Friday, January 27, 2012
Wednesday was my son's "extra stimming" day, today was his "extremely intense" day! Everything he did today had added intensity...If he was spinning, he spun so hard that he would throw himself against a piece of furniture or against the corner of the stairs (yes, I think on purpose)...If he wanted to watch a certain show, he repeated his request very quickly and loudly while flapping his hands constantly...If he didn't like a certain food that he put into his mouth, he spit it out vigorously and threw the rest of it on the floor...You get the idea? I'm actually surprised (and very grateful) on these kind of days that he will settle down at bedtime, after his Melatonin of course. He's either going to keep me young, or make me old very fast. ;)
Wednesday, January 25, 2012
My son was super stimmy today. I mean totally extra stimmy! But very, very happy! In fact, I think I've linked stimming days to happy days. If you haven't been exposed to the word stim (self-stimulating) yet, think of hand-flapping, jumping, spinning, head banging, spitting, licking, bouts of screaming...well, you get the idea. This momma is tired and glad it's bedtime, because it is exhausting to watch and keep up with all of that stimming! :)
I realized during a therapy appointment this week that I should probably be taking better notes afterwards. I think I tend to take some of the advice in and use it, but I think so much of it just slips my mind until it's mentioned again. This was the first week in a long time that my husband couldn't be there with us, so I really am trying to remember everything that was said so that I can share it with him. The therapist suggested picking up a book for potty training since our son is showing some interest now that little brother is (almost) out of diapers. You can find the book here: http://www.amazon.com/Toilet-Training-Individuals-Autism-Developmental/dp/1932565493/ref=sr_1_1?ie=UTF8&qid=1327546385&sr=8-1 . She also told us that we should be looking into occupational therapy again for him sometime in the next 6 months or so. Mainly to help with fine motor skills, such as writing and drawing. Speech therapy has also been mentioned in the past, but she doesn't think he'd benefit from that until he can learn to get a handle on his anxiety better and start trusting more people. Other than that, we talked some about the changes in diagnosing autism spectrum disorders, and the bill that is on the agenda in our state to get insurance coverage for autism. Neither one of these issues should effect our family too much (although I think everyone should fight for insurance rights) because my son was diagnosed with classic autism very high on the charts (from what I understand, the changes will mainly effect those diagnosed with aspergers or pdd-nos), and my husband's company that he works for is out of state, therefore our insurance is out of state. Wow, what a boring post. Are you still reading? That's all my rambling for now...until the next appointment.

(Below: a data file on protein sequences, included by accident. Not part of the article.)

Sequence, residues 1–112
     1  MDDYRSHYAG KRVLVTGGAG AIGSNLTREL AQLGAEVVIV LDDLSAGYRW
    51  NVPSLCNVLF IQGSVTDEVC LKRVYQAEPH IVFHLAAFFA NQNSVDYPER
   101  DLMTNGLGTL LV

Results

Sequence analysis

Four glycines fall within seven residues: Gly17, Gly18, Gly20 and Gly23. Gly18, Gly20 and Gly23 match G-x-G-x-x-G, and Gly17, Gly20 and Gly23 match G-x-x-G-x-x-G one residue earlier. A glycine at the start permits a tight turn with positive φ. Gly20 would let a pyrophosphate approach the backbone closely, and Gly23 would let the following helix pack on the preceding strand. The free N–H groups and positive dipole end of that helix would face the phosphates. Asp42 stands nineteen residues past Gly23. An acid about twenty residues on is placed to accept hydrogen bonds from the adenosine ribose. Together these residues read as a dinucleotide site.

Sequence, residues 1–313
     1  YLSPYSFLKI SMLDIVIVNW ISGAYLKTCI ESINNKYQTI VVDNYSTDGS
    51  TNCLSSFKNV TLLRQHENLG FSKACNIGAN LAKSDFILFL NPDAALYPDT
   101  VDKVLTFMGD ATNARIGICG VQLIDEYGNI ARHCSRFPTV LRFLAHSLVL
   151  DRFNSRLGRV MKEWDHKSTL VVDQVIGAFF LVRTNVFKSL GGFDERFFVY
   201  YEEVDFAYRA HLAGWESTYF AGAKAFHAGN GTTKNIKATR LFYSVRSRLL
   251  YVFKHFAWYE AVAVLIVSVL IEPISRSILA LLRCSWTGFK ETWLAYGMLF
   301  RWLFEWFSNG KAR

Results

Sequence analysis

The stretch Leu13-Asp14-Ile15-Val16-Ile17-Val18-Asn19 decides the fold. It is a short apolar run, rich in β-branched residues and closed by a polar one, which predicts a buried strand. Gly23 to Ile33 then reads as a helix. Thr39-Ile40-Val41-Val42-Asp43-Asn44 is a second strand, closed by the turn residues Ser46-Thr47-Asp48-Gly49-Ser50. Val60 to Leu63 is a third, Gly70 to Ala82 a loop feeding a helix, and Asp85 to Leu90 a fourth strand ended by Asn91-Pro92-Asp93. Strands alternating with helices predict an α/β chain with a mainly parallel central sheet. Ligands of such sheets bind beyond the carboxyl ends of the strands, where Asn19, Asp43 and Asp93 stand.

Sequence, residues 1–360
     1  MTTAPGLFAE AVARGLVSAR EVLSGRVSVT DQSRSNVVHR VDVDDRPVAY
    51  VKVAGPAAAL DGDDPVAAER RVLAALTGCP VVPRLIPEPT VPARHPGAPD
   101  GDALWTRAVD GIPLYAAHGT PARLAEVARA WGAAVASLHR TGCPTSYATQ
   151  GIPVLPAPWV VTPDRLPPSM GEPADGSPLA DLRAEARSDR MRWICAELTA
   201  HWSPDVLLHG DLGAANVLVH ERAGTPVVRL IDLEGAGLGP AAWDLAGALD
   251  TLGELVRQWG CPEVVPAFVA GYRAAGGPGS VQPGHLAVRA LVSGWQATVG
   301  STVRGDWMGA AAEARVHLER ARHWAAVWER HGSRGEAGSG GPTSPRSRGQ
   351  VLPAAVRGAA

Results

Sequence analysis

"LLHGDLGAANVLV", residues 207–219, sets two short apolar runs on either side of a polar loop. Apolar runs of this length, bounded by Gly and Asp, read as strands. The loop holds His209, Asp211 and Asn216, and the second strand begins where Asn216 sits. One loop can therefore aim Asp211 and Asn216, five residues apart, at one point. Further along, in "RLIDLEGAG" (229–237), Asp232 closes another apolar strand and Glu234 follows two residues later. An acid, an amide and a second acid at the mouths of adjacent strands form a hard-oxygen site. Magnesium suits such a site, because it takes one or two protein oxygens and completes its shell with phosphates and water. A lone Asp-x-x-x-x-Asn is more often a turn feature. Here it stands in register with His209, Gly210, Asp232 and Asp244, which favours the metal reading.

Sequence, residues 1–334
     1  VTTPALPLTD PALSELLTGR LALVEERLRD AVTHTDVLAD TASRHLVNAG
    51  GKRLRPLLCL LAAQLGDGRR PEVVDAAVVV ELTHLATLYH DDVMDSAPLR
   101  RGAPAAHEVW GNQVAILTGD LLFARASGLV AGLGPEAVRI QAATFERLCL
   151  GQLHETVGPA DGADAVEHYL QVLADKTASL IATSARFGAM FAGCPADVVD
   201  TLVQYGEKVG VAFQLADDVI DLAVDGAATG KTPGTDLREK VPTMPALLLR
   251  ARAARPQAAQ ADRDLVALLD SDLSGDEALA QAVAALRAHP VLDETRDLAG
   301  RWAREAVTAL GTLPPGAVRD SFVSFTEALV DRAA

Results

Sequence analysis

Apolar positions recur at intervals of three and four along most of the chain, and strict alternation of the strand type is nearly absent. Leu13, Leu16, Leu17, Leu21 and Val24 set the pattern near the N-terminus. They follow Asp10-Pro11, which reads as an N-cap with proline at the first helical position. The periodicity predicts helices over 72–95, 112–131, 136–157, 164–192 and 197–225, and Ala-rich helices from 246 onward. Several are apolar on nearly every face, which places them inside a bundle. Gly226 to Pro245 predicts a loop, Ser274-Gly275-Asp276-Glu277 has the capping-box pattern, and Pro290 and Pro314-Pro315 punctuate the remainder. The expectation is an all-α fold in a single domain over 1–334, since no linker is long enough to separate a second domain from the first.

Sunday, January 15, 2012
Oh no, it may be happening. We have been warned, we have been told to enjoy it while it lasts, we have been told that things will change, but, maybe secretly, we denied it. Our son has been on Melatonin for a year and a half now to help him with sleep issues. It has made a huge difference and we have enjoyed, on average, our son sleeping for 12 hours a night! He never stops during the day, so half of each 24 hour day sleeping seemed about right. But we've also been told that Melatonin can stop working. Oh, I've read many blogs where mommies and daddies are frustrated with the sleep issues that go along with autism. I've been there, I thought...it used to take my son 2-3 hours to calm down enough to fall asleep, and then he'd be up early in the morning (6 a.m., way too early for this mama!) But then came this miracle, Melatonin, which allowed my son to drift off in about 10 minutes and sleep longer in the morning. The dreaded change all started 4 nights ago. It was the middle of the night, 3 a.m. to be exact, when I heard noises in my son's room. I walked into the hall and noticed that his light was on. When I opened his door, he was wide awake standing at his door with his stuffed monkeys waiting for me to come get him. He looked at me with a huge smile and said, "HI!" I turned off his light and in a very quiet voice told him it was still night time and he needed to go back to sleep. I put him back into his bed and, after a drink of water, he got quiet again. The next night he slept until morning and I was cheering inside thinking the night before had just been a fluke. But no such luck. The next night he was up again, wide eyed and ready to play, and again last night. Luckily, after turning off the lights and quietly accompanying him back to bed and giving him a drink, he is still drifting off again. But I am worried for the night where he decides not to settle, and that becomes the new norm. I am worried about the extra lack of sleep that this new issue will create. And I am worried that I may never sleep another full night again, ever.
Wednesday, January 4, 2012